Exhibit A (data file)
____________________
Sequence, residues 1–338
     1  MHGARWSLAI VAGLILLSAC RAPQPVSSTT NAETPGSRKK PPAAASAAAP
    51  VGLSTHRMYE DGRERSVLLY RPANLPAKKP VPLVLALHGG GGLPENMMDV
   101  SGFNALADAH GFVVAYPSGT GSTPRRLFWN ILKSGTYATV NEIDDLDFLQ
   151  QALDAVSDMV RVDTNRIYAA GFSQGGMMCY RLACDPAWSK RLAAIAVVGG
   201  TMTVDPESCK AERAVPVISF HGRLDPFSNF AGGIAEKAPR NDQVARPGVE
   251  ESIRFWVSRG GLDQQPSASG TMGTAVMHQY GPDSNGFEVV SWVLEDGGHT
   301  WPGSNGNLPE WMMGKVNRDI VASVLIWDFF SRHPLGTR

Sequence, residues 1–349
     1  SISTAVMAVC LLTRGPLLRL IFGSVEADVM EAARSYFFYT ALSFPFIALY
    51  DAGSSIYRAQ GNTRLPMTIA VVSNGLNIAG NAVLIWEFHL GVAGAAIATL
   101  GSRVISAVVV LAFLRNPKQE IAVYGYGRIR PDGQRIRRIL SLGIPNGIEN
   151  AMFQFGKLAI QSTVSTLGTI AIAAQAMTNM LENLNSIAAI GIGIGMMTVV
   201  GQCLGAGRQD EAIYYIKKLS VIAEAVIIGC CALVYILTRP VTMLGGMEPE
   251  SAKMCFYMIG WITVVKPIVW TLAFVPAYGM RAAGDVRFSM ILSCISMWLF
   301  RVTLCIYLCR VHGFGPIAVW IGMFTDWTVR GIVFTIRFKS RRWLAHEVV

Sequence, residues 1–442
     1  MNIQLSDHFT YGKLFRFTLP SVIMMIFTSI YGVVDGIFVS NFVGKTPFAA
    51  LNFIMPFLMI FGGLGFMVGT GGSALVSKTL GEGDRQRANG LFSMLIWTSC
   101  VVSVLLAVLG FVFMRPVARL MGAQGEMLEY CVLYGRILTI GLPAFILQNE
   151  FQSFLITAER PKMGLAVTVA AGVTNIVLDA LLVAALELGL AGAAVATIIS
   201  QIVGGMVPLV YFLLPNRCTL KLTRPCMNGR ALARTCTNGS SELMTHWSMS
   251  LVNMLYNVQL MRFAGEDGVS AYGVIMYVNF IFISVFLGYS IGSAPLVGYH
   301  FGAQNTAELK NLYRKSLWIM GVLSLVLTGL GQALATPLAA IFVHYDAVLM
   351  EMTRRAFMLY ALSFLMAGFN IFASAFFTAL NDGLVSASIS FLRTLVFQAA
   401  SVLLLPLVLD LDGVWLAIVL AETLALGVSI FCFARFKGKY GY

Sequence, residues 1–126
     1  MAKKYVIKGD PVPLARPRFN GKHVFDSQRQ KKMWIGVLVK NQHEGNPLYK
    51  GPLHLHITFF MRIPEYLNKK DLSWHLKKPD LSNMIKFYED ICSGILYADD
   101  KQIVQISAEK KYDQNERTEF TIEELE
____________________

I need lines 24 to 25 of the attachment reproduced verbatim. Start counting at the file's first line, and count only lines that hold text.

   301  FGAQNTAELK NLYRKSLWIM GVLSLVLTGL GQALATPLAA IFVHYDAVLM
   351  EMTRRAFMLY ALSFLMAGFN IFASAFFTAL NDGLVSASIS FLRTLVFQAA